Because there were so many priests and nuns in the family, we were known throughout the city as the Divine Ryans.  We had always been a church family, and had married into other church families, so that it sometimes seemed that all the priests and nuns in the world were related to us.  Our last family reunion, Uncle Reginald said, was known to the world as Vatican II.

Aunt Phil's news was that much harder to take because our old house was next door to hers.  I could see it from my bedroom window.  In fact, because the curtains were down, I could see right into the rooms, all of which were empty.  One night, I stood there for a long time, looking at our house, wondering who would move into it.  Almost directly across from my new bedroom window was my old one, where I had often stood, looking out at Aunt Phil's backyard, hoping to catch a glimpse of Aunt Phil escorting Uncle Reginald to the hearse.

I looked away from the window.  On the wall of my room was a picture of me which Uncle Reginald had blown up.  The original had appeared in The Daily Chronicle about a year ago when I had been chosen minor hockey player of the week, an honour that would not have been bestowed upon me if, one the one hand, my father had not been editor-in-chief of the Chronicle, and on the other, if he had ever seen me play.  In the picture, I was dressed in full goalie gear, face mask included.  I looked like some sort of insect, magnified ten thousand times, preening for the microscope.  At my skates, on the ice just in front of me, lay my nemesis, the puck.  The word "puck," my father had once told me, originally meant "demon."  For a time it had even been used interchangeably with "hobgoblin."  I made a mental note of thanks to that anonymous inventor of hockey who had had the good sense to opt for "puck."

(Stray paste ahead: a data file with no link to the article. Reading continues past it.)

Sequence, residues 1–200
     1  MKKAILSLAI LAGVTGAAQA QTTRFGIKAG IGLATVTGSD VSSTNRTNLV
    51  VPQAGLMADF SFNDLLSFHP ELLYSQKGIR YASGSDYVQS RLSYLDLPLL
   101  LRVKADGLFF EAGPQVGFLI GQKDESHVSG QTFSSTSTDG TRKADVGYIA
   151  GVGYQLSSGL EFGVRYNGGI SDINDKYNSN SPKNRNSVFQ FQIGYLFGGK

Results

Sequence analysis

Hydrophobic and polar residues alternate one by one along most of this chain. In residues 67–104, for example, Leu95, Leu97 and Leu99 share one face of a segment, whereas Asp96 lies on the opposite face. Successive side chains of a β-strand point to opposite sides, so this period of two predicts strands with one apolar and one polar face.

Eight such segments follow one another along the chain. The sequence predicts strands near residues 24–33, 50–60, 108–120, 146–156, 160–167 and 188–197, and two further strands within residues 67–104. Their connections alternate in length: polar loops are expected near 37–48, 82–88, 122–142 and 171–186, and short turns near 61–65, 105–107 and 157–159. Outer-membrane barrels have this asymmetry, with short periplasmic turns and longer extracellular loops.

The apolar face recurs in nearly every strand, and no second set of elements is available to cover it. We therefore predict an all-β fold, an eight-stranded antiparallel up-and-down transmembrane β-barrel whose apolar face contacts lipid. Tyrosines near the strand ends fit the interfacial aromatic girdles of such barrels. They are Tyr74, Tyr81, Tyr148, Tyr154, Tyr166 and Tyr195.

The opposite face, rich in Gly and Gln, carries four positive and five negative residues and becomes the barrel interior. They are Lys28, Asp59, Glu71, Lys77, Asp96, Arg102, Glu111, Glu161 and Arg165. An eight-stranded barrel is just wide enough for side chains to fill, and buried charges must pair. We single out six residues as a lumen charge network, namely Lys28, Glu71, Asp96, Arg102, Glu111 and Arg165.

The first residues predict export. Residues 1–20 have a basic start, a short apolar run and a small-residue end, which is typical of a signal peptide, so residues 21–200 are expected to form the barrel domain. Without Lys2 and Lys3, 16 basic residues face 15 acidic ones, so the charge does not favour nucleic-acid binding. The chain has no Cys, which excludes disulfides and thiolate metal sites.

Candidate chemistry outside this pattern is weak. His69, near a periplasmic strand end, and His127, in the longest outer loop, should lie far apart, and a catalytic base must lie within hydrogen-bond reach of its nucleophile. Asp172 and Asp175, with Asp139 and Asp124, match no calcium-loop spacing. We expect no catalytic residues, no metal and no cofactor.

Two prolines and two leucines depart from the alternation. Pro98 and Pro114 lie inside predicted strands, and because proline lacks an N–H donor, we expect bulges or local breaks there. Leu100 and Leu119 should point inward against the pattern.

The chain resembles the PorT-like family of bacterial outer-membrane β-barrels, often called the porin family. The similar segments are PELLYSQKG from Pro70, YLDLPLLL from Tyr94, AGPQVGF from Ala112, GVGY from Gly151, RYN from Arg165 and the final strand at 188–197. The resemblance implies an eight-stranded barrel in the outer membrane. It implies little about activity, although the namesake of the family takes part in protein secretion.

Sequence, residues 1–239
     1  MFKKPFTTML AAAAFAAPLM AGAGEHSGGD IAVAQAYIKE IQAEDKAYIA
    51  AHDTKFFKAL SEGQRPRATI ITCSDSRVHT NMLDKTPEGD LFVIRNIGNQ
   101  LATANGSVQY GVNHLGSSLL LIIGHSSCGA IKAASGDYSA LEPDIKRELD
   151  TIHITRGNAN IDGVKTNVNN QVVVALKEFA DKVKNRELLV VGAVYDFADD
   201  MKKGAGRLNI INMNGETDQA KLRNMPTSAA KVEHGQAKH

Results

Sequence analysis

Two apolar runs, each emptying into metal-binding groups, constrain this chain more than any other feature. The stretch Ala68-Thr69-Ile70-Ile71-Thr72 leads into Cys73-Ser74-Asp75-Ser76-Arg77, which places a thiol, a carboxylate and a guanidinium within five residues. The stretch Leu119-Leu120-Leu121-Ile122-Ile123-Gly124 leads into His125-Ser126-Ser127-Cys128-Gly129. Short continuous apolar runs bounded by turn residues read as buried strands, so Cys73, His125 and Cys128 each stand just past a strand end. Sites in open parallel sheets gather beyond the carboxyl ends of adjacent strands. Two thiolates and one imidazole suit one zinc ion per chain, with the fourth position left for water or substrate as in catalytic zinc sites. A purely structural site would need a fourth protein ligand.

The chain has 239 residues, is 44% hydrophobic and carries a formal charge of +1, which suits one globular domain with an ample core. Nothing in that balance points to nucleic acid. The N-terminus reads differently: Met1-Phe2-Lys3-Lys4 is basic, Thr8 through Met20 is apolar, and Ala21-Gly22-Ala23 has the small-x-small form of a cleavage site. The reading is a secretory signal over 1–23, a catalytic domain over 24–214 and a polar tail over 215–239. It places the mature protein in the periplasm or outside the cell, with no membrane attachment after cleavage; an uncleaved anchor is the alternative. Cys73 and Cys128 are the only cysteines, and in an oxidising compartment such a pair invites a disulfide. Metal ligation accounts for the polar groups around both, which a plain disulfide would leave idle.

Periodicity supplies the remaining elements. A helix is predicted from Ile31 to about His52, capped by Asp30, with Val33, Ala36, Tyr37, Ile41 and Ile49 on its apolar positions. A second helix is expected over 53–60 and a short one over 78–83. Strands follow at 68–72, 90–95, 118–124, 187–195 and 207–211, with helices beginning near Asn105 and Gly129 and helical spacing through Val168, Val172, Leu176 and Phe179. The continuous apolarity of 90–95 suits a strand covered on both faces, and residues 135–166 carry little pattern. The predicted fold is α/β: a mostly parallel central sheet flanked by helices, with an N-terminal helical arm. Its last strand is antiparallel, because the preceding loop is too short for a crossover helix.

What People are Saying About This

Annie Dillard

[Johnston's] books are beautifully written and among the funniest I have ever read.

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The Divine Ryans 5 out of 5 based on 0 ratings. 2 reviews.
thokar on LibraryThing More than 1 year ago
A great book that tells the story of the Ryan Family, strict aunts, nuns, the family funeral home, and the ghost of a young boy's father.
Guest More than 1 year ago
If you are a big fan of Hockey, you'll really like this book. However, I am not a hockey person but still enjoyed this book immensely. The plot is straight forward, the story of a nine-year-old boy living with his mother and sister Mary in his Aunt Phil's house because his former house had to be sold to keep the family business 'the daily Chronicle' afloat. Perhaps the most enjoyable parts in the novel come from Uncle Reginald's dry humour. He has a theory and an explanation to every phenomenon, whether it be the 'Apuckalypse' or hungry children in South America. This book is definitely worth the read and it will have you laughing out loud while doing it.